Land claim report ready for view GREGGCHAMBERLAIN Eastern Ontario. Those Algonquins living in Québec are subject to a separate treaty that the federal and Québec governments have to work out.

The land transfer matter is an issue for the City of Ottawa and several counties located along the Ottawa River. Selection of these Crown land parcels would depend on his- toric or cultural significance to the Algon- quin Nation and also current short- and long-term goals. Other concerns covered in the AIP include Algonquin harvesting rights over wildlife, including moose and deer, migratory birds, and plants, including both traditional me- dicinal plants and also timber rights. The Algonquin Nation’s conservation respon- sibilities are also included in the AIP, along with federal and provincial jurisdiction over protection of endangered animals and spe- cies at risk. Property rights are also discussed in the AIP. That includes municipal planning regu- lations still being in force on any lands that fall within the Algonquin treaty areas. Other

concerns reviewed under the AIP include parks and protected areas, Algonquin his- toric and culture protections, and who can claim to be an Algonquin and so benefit from a future treaty. Public information meetings on the draft agreement-in-principle are planned for this year. Details on where and when those pub- lic meetings will be are available from rep- resentatives for the federal, provincial and Algonquin negotiating teams. For the Ontario Algonquins phone toll- free 1-855-735-3759 or email algonquins@ For the province, phone toll-free 1-855-690-7070 or email alcinfo@ontario. ca. For the federal government, phone toll-free 1-800-567-9604 or email Revendi- cation-Algonquins-OntarioClaim@aadnc- The AIP documents and maps are avail- able for review and comment at the On- tario Ministry of Aboriginal Affairs website at english/negotiate/algonquin/preliminary- draft-aip.asp. Too many driving deaths says OPP The milder winter weather blowing through the region may fool some drivers into thinking they can fall back into their usual springtime habits. That could prove fatal warns the OPP. The OPP East Region office reported more fatal crashes on the highways and back country roads in Eastern Ontario during the past year than in the previous year. Police and other emergency personnel answered 62 fatal crash calls that resulted in 73 deaths in 2012. In 2011 the highway fatalities toll in Eastern Ontario was 49 crashes with 55 deaths resulting. “These are the worst numbers since 2008,” stated Insp. Dave Springer, OPP East Region traffic and marine division manager. “Traffic safety is a must. Too many lives depend on it.” The 2012 traffic fatality statistics note that 16 deaths involved drivers or passengers not wearing seat belts and in half of those cases the deceased were thrown from their vehicles. Another nine highway fatalities in- volved alcohol. The report also noted that speeding and failure to allow for road and weather conditions were other factors in some of the fatalities.                                               !  VISION@EAP.ON.CA PRESCOTT-RUSSELL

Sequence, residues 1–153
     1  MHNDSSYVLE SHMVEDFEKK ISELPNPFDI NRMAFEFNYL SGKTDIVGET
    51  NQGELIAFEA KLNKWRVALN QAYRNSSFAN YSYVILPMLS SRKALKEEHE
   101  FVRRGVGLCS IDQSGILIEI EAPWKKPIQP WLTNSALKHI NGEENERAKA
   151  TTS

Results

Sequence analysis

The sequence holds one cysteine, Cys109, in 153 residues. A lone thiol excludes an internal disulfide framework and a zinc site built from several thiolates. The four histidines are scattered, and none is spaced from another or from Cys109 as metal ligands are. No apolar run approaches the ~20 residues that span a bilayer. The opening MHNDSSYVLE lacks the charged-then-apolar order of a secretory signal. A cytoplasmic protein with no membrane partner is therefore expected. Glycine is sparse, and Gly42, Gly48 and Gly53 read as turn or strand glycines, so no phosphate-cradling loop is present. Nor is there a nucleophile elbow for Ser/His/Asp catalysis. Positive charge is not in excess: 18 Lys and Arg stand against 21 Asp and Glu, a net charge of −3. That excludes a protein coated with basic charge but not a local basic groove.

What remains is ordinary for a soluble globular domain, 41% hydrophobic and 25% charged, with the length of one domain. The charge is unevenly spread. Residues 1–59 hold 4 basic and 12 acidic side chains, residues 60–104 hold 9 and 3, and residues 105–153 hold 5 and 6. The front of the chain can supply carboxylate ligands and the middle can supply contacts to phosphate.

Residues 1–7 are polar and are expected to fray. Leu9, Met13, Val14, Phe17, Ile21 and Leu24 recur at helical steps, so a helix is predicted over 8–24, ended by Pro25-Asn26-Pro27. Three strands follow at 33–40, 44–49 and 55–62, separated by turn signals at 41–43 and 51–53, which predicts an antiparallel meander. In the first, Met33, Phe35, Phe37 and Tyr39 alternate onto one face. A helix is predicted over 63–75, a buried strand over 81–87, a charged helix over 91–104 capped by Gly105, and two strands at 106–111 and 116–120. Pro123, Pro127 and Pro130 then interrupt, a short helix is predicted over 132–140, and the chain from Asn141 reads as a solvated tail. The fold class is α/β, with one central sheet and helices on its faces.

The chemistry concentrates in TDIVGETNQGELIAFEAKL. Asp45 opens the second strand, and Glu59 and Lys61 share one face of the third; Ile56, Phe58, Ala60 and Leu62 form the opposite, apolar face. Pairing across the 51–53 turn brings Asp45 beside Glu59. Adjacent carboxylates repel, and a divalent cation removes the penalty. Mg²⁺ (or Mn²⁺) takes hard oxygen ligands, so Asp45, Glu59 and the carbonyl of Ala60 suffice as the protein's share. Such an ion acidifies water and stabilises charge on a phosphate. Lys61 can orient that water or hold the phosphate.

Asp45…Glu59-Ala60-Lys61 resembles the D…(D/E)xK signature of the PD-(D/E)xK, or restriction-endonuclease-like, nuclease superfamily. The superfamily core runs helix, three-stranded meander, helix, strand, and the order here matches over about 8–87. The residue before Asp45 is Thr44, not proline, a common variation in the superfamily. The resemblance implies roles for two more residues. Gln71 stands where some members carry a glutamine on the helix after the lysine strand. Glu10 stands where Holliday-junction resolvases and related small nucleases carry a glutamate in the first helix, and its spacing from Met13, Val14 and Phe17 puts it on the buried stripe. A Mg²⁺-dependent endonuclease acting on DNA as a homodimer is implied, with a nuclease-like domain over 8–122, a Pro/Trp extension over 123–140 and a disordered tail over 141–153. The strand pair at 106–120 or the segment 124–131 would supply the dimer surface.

The final treaty agreement between the Ontario and federal governments and the Algonquin Nation is not expected to be finished for at least another five years, de- pending on how fast approval of the AIP takes place for all three parties and how soon the final agreement is written and ap- proved. Issues covered under this draft AIP in- clude: the proposed transfer of $300 million in treaty payments to the Ontario Algon- quin Nation, and title transfer of at least 117,500 acres of Ontario Crown land to the Algonquin Nation. This land consists of 200 parcels of provincial Crown land varying in size from a few acres to more than 30,000 acres.

OTTAWA | Another hurdle is cleared in the Algonquin land claim process. The preliminary draft for the comprehen- sive Land Claim Agreement-in-Principle (AIP) is available for public viewing. This is not the final document but does list the main points for a future settlement agreement between the federal and pro- vincial governments and the Algonquin Na- tion. “This preliminary draft is a work in prog- ress that is still under review,” states the re- port’s executive summary, “and subject to revision by the (three) parties.” This AIP concerns the Algonquins of On- tario whose land claim is located within

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